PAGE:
The death of my grandfather is something that I’ve never talked about that much, mainly because the last time I saw him I was seven years old. He looks like me. I look like him… I had bright white hair when I was a child. (There’s a photo of me somewhere…
View original post 916 more words
December 1, 2013 § 2 Comments
November 30, 2013 § 12 Comments
Earth was in deep trouble. Food mountains were shrinking to the size of molehills, deserts appeared where none had been before, and everyone was suffering from S.A.D. I tossed and turned and grew bags under my eyes. It was all my fault: if only I’d kept a closer eye on Bert. I avoided the spy holes – I couldn’t bear to look. There was nothing to be done.
I kept busy. I enrolled on courses, studied hard, passed exams. As I climbed higher up the slippery pole of responsibility towards enlightenment, I began to hear rumours God was having trouble bringing the sun and all the clouds back to Earth.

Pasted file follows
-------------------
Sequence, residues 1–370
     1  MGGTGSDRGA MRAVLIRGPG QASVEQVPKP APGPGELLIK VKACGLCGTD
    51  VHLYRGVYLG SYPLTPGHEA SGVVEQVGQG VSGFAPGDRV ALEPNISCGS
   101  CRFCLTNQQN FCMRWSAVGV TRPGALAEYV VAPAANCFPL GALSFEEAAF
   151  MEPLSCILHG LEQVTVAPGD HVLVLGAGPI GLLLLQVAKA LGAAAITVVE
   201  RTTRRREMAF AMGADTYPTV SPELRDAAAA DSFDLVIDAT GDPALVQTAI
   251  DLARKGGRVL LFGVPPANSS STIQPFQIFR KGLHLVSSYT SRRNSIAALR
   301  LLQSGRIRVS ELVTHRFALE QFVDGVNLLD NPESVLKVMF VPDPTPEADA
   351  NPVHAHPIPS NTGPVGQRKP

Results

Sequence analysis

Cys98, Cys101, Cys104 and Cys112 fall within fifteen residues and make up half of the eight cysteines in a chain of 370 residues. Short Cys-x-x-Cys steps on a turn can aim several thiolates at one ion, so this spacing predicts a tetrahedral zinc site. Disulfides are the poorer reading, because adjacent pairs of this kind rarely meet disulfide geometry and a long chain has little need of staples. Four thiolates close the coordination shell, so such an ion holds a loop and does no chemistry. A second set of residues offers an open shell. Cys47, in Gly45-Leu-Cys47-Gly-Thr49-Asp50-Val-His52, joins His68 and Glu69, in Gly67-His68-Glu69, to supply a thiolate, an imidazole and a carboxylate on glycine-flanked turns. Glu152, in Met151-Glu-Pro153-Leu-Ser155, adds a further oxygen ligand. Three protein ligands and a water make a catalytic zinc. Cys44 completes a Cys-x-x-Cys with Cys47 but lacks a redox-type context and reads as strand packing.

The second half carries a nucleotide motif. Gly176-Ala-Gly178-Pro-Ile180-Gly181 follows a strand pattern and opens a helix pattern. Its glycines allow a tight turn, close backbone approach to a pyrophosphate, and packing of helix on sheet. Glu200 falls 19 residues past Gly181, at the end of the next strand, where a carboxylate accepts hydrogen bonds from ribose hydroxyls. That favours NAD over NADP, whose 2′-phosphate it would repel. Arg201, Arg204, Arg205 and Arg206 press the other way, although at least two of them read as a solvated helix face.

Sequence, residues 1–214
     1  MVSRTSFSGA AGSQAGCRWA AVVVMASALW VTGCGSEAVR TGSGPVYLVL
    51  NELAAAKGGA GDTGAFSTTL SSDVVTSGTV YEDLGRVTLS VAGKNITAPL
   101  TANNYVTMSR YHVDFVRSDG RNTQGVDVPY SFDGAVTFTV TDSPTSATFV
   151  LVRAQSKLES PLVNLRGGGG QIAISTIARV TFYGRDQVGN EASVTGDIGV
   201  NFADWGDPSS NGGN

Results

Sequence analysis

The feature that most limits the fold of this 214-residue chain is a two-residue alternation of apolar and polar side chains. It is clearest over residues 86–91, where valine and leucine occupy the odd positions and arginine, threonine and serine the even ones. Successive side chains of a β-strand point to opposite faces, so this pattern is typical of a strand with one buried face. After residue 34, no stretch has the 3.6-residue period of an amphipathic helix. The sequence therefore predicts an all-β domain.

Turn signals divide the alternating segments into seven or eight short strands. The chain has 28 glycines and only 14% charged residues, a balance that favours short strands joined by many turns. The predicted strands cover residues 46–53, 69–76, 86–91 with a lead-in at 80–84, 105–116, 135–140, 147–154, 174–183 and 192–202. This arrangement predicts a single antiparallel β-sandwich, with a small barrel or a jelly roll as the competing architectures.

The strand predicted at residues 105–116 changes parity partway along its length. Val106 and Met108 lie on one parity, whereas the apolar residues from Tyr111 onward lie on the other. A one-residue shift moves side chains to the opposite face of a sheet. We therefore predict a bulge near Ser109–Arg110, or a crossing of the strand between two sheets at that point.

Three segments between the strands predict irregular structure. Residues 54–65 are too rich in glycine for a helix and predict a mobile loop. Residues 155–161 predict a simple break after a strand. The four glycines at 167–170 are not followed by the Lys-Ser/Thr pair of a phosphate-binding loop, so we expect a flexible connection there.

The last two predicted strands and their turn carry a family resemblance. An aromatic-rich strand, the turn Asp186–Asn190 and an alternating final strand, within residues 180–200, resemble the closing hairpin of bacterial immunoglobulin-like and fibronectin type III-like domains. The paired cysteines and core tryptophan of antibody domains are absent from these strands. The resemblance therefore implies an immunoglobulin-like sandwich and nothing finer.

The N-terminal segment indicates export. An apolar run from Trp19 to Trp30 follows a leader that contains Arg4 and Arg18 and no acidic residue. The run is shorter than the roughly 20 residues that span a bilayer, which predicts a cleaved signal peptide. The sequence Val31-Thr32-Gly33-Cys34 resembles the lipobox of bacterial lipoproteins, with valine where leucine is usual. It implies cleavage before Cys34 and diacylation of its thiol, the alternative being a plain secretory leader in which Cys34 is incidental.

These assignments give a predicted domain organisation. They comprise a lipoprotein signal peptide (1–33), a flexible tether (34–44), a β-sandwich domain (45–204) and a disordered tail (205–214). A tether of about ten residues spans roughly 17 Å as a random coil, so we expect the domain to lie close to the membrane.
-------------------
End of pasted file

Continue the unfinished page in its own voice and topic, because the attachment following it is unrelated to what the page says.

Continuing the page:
I was attending a seminar on The Morals of Interference, and as I listened I was reminded of Bert’s mischief. ‘Excuse me,’ I said to my tutor. ‘May I unburden myself ?’
‘Please do,’ she smiled.
‘I once had a friend who interfered.’
‘And what happened?’ So I told her. ‘I wish you’d said earlier,’ she gasped. She sprang into the air, spread her wings and disappeared.
A few hours later I heard a distant crash. Holding my breath, I peered through a spy hole. Planet Earth was being soaked by a giant thunderstorm. Flashes of lightning shot through the darkness, and thousands of rain clouds were emptying their contents over the world. The seas became full, snow fell on the Himalayas, and the monsoon flooded the Bay of Bengal and turned it green. I even saw one or two smaller thunderclouds sitting over East Anglia. As the clouds cleared, a watery sun appeared over the horizon.